Treasury's Geithner (left) resents "Wall Streeter" tag … Treasury Secretary Timothy Geithner doesn't like the fact that he's so often associated with being a creature of Wall Street when nearly his whole career has been in public service. In an interview on CNN's "GPS" program on Sunday, Geithner responded sharply when asked how he felt about being portrayed as "somehow in bed with Wall Street firms" while he spearheads the Obama administration's financial reform efforts. At first it was amusing, but not for long. "It is part of a narrative that hardened, which is that people came to view the judgments we were making through the prism of a myth," Geithner said, adding it was untrue that he had a background that left him beholden to industry. "So I think it's actually very damaging," he said. "It's completely false, of course, and it, you know, should have been corrected a long time ago." – Reuters
Dominant Social Theme: Public servant, not corporate wretch.
Free-Market Analysis: US Treasury Secretary Timothy Geithner doesn't want to be seen as being affiliated with Wall Street, and we can't blame him. But what's odd from our perspective is that he does want to be known for being associated with "public service." We think this is very revealing and shows the Obama administration's tin ear when it comes to some of the larger issues its struggling with and how the American public perceives those issues and the administration generally.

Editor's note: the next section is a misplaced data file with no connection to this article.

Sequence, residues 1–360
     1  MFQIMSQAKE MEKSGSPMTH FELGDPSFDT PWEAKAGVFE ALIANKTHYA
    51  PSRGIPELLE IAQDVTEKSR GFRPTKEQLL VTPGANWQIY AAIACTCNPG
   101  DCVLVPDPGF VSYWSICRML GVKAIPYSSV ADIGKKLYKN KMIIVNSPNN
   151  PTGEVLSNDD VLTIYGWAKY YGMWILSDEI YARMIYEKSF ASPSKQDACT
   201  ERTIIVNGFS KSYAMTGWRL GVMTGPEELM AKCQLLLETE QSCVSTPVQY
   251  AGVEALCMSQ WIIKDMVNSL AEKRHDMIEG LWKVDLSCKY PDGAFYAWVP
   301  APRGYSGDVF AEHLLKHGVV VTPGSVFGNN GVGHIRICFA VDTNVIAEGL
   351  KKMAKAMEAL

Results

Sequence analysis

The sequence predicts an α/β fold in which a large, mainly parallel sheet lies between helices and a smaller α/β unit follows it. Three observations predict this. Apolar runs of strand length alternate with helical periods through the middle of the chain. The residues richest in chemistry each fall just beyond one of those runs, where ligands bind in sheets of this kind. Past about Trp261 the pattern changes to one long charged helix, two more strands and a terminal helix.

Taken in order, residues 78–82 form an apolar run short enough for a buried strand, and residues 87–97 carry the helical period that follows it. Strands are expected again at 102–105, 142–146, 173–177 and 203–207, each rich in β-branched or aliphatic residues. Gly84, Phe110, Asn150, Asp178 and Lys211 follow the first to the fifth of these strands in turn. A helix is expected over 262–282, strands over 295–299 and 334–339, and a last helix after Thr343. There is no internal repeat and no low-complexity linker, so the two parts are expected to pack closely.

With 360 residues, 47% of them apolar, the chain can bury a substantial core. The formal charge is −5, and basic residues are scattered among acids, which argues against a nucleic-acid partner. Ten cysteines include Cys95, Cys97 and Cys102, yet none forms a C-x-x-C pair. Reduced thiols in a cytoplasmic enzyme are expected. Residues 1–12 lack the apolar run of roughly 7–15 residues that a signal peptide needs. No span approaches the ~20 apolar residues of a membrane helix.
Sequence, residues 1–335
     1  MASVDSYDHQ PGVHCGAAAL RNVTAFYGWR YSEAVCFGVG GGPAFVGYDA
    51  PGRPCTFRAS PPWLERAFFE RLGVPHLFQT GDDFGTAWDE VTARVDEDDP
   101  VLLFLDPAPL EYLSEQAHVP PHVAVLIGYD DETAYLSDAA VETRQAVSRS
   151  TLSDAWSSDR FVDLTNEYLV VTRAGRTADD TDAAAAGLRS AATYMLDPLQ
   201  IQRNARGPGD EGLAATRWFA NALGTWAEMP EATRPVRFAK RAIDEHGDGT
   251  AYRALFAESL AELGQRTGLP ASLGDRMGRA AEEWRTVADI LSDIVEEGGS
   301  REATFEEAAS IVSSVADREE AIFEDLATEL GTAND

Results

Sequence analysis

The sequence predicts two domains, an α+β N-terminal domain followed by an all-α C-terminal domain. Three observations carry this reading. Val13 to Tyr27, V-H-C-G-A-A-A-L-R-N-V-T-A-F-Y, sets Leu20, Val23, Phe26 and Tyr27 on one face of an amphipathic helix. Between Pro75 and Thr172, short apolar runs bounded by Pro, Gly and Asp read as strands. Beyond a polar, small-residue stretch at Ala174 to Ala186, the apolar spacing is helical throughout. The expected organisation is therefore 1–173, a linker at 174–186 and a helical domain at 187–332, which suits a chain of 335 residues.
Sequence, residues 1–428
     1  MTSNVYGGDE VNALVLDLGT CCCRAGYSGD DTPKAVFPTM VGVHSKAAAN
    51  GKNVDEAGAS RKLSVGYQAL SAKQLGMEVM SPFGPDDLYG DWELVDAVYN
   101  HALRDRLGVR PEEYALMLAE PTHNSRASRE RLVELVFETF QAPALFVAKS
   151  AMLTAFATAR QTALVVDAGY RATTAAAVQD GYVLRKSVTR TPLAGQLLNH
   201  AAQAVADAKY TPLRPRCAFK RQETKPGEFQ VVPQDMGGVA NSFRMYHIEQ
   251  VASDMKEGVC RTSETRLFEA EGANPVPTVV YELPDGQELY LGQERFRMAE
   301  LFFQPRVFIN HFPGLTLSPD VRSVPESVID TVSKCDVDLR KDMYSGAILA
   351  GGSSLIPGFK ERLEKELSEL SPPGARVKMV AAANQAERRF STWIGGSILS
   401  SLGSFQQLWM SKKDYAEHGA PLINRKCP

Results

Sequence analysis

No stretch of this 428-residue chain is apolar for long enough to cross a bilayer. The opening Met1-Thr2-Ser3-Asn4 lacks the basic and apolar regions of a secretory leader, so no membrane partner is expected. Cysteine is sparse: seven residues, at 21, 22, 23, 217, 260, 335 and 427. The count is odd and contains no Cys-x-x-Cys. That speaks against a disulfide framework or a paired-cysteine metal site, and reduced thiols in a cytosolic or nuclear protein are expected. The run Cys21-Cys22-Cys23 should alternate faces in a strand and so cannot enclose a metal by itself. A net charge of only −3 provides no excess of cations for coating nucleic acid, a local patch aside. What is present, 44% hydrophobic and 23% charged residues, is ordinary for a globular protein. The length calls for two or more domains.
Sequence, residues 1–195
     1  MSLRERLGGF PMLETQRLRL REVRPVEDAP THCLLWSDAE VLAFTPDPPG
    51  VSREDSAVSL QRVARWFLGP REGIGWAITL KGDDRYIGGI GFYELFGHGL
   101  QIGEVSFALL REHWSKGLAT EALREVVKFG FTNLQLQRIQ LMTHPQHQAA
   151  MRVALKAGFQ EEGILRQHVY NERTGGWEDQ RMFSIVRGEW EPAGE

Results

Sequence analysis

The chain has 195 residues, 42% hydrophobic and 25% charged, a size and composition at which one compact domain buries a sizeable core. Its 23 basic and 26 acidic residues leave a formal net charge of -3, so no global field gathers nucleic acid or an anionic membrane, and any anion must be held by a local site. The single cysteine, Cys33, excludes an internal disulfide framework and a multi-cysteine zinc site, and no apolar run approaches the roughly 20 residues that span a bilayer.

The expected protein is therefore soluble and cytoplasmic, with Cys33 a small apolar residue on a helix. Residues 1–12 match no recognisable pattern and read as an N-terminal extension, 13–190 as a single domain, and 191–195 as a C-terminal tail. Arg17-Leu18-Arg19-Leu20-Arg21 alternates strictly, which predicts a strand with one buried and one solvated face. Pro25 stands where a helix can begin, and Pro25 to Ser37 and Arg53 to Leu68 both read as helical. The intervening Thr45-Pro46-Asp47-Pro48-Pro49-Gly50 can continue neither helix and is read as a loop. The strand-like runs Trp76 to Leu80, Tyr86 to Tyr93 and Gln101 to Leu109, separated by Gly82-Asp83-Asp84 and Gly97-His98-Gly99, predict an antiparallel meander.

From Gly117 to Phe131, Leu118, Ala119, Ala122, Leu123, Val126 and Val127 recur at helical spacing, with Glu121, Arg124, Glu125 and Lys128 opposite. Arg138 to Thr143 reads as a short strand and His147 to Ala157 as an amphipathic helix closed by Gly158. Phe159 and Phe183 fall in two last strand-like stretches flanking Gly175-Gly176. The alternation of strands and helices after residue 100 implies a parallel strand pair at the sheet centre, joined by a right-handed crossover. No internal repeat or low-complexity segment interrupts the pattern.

Let's try to put this in perspective. Geithner doesn't want to be linked to an industry that many Americans actively despise and that according to about 60 percent of Americans needs more regulation. Yet a whopping 80 percent of all Americans actively distrust the government, according to a recent Pew survey, that Geithner wants to be known as serving. What Geithner is doing here, obviously, is drawing a distinction between the money grubbing of Wall Street and the selflessness of American public service.
Of course it's NOT true. The US federal government is the flip side of Wall Street, the enabler of some of Wall Street's worst excesses and generally a co-conspirator in anything that goes wrong on Wall Street and probably on Main Street as well. A US$3 trillion behemoth, the US federal government actively sets the rules of the playing field that Wall Street performs on. US fiscal and monetary policies create barriers for Wall Street but opportunities as well.